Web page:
Glass Onion: A Review


Rian Johnson creates a humorous, insightful spectacle of a movie.

The 2022 film Glass Onion, a standalone sequel to 2019’s Knives Out, sees the return of master detective Benoit Blanc. At the start of the COVID-19 pandemic, Blanc receives a mysterious invitation to play in a murder mystery game on a private island in Greece. Said island belongs to the eccentric billionaire and co-founder of tech company Alpha, Miles Bron. Once again, director and writer Rian Johnson crafts a rich mystery that will leave you hooked the entire time. 

Joining the detective and billionaire are a cast of eclectic characters, who have all known each other (and Bron) for a long time. His close friend Lionel Toussaint works for Alpha. Claire Debella is the governor of Connecticut, and Birdie Jay is a former model-turned-designer. Birdie’s manager and “handler” of sorts is Peg, who accompanies her to the island. Duke Cody is an influencer, and brings his girlfriend, Whiskey, on the trip as well. Finally, Andi Brand is the last member of the group, and the other co-founder of Alpha. An incident in her and Miles’ past has left her bitter. 

Every actor is impeccably perfect in their role, with Daniel Craig (Blanc) and Janelle Monae (Andi) standing out. Craig is downright sensational, and he only builds on the character already developed in Knives Out. Monae brings a depth to her role when (spoiler alert) she’s revealed to actually be the dead Andi’s sister, Helen Brand. She hits all of the right notes, both emotional or powerful. 

Edward Norton, the antagonist Bron, is amazing in the fact that you want to punch his character in the face. He is the perfect entitled, mad, rich person, and his personality is very similar to a few real-life billionaires we all know. Kate Hudson (Birdie), Kathryn Hahn (Claire), Dave Bautista (Duke), and Leslie Odom, Jr. (Lionel) all deliver great performances – not exactly stand-out compared to some of the other cast, but great nonetheless.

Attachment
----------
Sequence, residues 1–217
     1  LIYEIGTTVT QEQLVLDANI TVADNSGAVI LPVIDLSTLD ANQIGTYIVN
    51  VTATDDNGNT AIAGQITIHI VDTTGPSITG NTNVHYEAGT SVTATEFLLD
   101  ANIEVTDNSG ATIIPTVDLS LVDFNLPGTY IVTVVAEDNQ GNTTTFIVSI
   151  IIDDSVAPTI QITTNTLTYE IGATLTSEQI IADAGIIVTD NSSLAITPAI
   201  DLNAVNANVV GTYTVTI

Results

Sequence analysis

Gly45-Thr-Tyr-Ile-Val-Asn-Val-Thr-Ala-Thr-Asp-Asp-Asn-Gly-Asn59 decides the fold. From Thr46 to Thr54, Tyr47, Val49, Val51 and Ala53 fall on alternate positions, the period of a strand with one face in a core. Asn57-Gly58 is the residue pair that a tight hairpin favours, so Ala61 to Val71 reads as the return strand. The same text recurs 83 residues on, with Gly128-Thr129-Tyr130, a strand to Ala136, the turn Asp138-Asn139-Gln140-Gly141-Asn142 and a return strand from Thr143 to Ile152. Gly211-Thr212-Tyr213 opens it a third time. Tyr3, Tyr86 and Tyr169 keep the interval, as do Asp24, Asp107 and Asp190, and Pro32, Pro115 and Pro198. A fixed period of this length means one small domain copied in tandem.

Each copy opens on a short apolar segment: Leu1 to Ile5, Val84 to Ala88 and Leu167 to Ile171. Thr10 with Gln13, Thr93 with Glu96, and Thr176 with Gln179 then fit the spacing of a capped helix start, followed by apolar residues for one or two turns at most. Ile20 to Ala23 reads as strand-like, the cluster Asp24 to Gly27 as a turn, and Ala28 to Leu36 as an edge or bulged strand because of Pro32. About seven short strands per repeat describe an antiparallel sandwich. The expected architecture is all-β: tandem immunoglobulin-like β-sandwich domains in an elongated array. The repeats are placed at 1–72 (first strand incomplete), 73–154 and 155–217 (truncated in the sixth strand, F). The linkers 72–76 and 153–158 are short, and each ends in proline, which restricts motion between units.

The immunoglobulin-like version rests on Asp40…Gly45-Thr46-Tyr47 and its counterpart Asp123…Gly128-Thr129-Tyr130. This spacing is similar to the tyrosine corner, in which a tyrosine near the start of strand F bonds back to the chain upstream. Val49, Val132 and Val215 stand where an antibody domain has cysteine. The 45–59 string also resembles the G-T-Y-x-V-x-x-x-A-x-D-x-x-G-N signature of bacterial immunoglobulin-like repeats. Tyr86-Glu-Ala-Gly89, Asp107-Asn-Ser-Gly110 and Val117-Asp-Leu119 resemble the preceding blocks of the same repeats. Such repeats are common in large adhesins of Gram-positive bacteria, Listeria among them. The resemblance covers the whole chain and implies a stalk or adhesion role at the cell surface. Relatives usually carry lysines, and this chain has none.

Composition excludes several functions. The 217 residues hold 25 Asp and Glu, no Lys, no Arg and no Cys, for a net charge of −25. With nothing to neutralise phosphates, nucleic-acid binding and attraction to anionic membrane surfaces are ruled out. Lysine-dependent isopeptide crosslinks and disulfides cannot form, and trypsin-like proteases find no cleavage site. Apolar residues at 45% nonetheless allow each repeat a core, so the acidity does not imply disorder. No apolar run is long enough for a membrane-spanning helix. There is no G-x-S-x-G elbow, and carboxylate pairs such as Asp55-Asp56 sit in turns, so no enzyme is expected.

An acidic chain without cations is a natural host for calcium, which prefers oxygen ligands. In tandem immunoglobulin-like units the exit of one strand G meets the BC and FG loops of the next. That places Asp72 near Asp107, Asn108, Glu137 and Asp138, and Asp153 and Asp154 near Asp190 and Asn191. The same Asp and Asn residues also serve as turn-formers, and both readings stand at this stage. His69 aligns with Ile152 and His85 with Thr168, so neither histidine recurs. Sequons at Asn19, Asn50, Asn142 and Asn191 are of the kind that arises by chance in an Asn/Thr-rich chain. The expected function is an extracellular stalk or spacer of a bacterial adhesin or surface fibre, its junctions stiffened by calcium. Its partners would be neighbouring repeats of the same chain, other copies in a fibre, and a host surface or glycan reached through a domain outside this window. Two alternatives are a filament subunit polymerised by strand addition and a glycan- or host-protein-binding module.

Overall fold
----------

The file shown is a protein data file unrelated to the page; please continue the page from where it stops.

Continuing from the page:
Finally, two unexpected stars are Madelyn Cline (Whiskey) and Jennifer Henwick (Peg). Cline is funny when it’s called for, appealing, and when the drive behind her character is revealed, she does it well. Similarly, Henwick plays her role of ‘fed-up assistant’ brilliantly, turning a small part into a spectacle. 

Glass Onion, like the film’s namesake, “seems densely layered, mysterious and inscrutable. But in fact, the center is in plain sight.” This is the genius of the movie – the mastermind, the killer they’re hunting, seems like so much more than they actually are. Through flashbacks and excellent pacing, more pieces are disclosed to the audience without immediately giving it away. The final reveal alone is ingenious. It leaves you wanting to go back and rewatch the whole thing, to pick up the hints you missed.

It’s almost unfair to compare Glass Onion with its prequel, Knives Out, as they’re both standalone films, and amazing in their own way. Rian Johnson once again proves himself the modern master of mystery, and Glass Onion is a must-watch to add to your list. It’s an easy ‘A+.’